Asian giants seen keeping US trove despite dollar plunge

TOKYO, March 23, 2008 (AFP) – With the dollar plunging and the Federal Reserve slashing interest rates, markets are on alert for any signs that foreign investors, particularly in Asia, are buying fewer US assets. But while some private investors may be heading for the exit, analysts say the authorities in Japan and China look set to hold their nerve as the value of their vast dollar reserves declines.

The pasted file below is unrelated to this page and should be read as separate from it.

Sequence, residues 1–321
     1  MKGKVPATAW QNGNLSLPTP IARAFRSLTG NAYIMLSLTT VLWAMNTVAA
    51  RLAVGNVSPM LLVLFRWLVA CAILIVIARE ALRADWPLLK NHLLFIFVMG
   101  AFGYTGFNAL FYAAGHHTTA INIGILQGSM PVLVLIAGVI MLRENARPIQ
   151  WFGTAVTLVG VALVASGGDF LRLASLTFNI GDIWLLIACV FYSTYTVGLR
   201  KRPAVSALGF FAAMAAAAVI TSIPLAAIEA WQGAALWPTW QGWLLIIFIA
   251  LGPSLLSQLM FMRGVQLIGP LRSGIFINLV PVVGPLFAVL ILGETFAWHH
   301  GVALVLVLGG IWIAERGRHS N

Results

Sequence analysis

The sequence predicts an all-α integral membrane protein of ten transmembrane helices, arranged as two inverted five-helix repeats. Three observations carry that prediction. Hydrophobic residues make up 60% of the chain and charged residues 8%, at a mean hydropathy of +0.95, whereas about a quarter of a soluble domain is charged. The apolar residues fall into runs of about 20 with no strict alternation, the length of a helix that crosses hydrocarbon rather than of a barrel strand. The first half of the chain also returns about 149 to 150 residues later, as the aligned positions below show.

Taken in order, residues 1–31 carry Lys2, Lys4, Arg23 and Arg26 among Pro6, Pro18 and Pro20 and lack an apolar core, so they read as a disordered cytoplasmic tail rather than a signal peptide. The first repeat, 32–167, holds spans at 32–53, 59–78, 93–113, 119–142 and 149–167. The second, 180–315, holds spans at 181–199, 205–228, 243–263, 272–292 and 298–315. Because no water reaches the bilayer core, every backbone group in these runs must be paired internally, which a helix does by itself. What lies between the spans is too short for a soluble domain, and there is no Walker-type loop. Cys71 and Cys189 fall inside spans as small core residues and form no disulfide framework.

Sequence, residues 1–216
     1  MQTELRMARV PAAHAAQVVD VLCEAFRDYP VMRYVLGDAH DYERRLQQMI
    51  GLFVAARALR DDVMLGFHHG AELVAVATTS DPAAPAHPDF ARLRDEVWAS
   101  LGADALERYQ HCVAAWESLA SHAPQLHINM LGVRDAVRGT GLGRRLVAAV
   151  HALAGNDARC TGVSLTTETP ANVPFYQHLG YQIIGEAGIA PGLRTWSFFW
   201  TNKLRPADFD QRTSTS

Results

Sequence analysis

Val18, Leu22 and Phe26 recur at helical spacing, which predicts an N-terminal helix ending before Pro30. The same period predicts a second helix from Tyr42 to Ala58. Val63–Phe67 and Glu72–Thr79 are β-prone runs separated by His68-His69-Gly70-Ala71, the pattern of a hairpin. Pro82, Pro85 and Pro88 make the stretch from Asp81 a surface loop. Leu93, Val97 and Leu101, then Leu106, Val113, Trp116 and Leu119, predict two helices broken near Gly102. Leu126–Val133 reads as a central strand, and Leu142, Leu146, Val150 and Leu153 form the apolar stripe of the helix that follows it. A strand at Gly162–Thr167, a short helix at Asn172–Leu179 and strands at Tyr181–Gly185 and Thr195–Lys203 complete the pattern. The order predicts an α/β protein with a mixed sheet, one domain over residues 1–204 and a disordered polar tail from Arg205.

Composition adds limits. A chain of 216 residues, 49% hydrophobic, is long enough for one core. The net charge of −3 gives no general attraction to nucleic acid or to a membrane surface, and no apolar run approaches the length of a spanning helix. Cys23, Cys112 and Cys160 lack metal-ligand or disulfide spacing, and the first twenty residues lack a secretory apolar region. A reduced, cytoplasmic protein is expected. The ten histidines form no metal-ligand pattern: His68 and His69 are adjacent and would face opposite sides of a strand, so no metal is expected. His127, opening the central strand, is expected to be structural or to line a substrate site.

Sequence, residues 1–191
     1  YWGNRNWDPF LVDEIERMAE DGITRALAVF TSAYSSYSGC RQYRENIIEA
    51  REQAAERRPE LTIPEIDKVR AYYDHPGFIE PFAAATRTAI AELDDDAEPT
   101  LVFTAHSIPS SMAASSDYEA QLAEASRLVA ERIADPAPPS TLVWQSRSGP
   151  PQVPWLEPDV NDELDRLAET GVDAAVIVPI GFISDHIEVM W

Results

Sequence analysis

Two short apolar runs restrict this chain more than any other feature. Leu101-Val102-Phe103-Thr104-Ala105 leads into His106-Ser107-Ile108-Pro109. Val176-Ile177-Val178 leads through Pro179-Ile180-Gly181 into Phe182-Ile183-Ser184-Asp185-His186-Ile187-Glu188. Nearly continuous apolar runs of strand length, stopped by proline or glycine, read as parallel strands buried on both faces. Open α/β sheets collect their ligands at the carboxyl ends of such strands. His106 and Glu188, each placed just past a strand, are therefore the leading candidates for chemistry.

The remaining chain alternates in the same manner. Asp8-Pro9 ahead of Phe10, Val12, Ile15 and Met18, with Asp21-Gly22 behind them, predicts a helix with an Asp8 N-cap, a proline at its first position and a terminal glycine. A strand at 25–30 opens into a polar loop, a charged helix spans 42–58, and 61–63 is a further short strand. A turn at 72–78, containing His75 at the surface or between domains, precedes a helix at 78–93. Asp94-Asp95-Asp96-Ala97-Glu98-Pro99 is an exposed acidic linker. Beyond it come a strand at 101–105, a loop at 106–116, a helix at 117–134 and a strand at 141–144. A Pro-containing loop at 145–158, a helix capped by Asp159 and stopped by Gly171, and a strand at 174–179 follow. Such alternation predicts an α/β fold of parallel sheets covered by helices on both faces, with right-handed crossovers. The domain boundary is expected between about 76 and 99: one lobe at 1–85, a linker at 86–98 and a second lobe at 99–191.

The world’s largest economy has long relied on foreign purchases of Treasuries (US government bonds) to finance its huge debt.

With the yield on those bonds now falling as the Fed tries to contain the credit crisis, higher return assets in other countries have become more attractive.

The Fed has now slashed its federal funds rate by 300 basis points from 5.25 percent last September, while the dollar has hit a series of record lows against the euro and a 12-year trough versus the yen.

“Foreign investors bought 80 to 90 percent of total US Treasuries last year,” said Akihiro Nishida, senior economist at Mitsubishi UFJ Securities. “When the dollar goes down, investors certainly have an incentive to sell.”

While the sale of US assets by individual investors could put extra pressure on the ailing